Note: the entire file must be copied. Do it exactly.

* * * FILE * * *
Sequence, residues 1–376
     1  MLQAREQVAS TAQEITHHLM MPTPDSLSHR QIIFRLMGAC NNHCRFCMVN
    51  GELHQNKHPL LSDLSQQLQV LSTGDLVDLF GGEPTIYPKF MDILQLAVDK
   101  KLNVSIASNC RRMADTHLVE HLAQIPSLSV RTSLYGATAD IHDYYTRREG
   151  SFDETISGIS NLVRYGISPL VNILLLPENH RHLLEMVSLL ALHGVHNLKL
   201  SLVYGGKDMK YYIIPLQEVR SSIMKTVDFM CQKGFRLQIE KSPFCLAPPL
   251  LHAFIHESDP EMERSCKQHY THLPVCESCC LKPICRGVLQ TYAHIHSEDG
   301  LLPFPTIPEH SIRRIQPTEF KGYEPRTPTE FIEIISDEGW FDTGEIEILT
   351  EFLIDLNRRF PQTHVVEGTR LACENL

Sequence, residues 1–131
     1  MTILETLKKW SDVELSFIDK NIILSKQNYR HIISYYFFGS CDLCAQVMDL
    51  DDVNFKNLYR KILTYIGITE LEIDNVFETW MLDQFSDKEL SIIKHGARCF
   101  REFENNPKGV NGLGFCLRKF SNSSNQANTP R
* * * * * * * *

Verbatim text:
Sequence, residues 1–376
     1  MLQAREQVAS TAQEITHHLM MPTPDSLSHR QIIFRLMGAC NNHCRFCMVN
    51  GELHQNKHPL LSDLSQQLQV LSTGDLVDLF GGEPTIYPKF MDILQLAVDK
   101  KLNVSIASNC RRMADTHLVE HLAQIPSLSV RTSLYGATAD IHDYYTRREG
   151  SFDETISGIS NLVRYGISPL VNILLLPENH RHLLEMVSLL ALHGVHNLKL
   201  SLVYGGKDMK YYIIPLQEVR SSIMKTVDFM CQKGFRLQIE KSPFCLAPPL
   251  LHAFIHESDP EMERSCKQHY THLPVCESCC LKPICRGVLQ TYAHIHSEDG
   301  LLPFPTIPEH SIRRIQPTEF KGYEPRTPTE FIEIISDEGW FDTGEIEILT
   351  EFLIDLNRRF PQTHVVEGTR LACENL

Sequence, residues 1–131
     1  MTILETLKKW SDVELSFIDK NIILSKQNYR HIISYYFFGS CDLCAQVMDL
    51  DDVNFKNLYR KILTYIGITE LEIDNVFETW MLDQFSDKEL SIIKHGARCF
   101  REFENNPKGV NGLGFCLRKF SNSSNQANTP R